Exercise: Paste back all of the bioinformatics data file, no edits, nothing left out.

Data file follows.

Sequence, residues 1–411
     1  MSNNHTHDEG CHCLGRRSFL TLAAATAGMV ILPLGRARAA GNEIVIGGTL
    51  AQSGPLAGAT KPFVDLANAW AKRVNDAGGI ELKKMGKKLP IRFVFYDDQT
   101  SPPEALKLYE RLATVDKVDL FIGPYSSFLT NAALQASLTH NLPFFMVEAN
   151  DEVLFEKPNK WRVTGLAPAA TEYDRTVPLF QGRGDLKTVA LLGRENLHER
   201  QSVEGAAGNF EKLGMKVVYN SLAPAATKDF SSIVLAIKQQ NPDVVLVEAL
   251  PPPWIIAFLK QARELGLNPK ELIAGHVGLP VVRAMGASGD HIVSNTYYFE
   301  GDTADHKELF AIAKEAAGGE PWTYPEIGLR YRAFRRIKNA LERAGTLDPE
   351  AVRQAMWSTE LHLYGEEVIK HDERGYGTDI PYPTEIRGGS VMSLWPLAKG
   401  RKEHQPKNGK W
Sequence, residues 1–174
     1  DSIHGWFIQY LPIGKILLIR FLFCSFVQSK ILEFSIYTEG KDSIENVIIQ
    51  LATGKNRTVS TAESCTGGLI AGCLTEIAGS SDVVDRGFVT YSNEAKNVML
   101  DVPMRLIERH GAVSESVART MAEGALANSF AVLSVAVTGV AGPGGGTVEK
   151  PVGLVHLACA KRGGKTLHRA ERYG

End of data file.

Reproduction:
Sequence, residues 1–411
     1  MSNNHTHDEG CHCLGRRSFL TLAAATAGMV ILPLGRARAA GNEIVIGGTL
    51  AQSGPLAGAT KPFVDLANAW AKRVNDAGGI ELKKMGKKLP IRFVFYDDQT
   101  SPPEALKLYE RLATVDKVDL FIGPYSSFLT NAALQASLTH NLPFFMVEAN
   151  DEVLFEKPNK WRVTGLAPAA TEYDRTVPLF QGRGDLKTVA LLGRENLHER
   201  QSVEGAAGNF EKLGMKVVYN SLAPAATKDF SSIVLAIKQQ NPDVVLVEAL
   251  PPPWIIAFLK QARELGLNPK ELIAGHVGLP VVRAMGASGD HIVSNTYYFE
   301  GDTADHKELF AIAKEAAGGE PWTYPEIGLR YRAFRRIKNA LERAGTLDPE
   351  AVRQAMWSTE LHLYGEEVIK HDERGYGTDI PYPTEIRGGS VMSLWPLAKG
   401  RKEHQPKNGK W
Sequence, residues 1–174
     1  DSIHGWFIQY LPIGKILLIR FLFCSFVQSK ILEFSIYTEG KDSIENVIIQ
    51  LATGKNRTVS TAESCTGGLI AGCLTEIAGS SDVVDRGFVT YSNEAKNVML
   101  DVPMRLIERH GAVSESVART MAEGALANSF AVLSVAVTGV AGPGGGTVEK
   151  PVGLVHLACA KRGGKTLHRA ERYG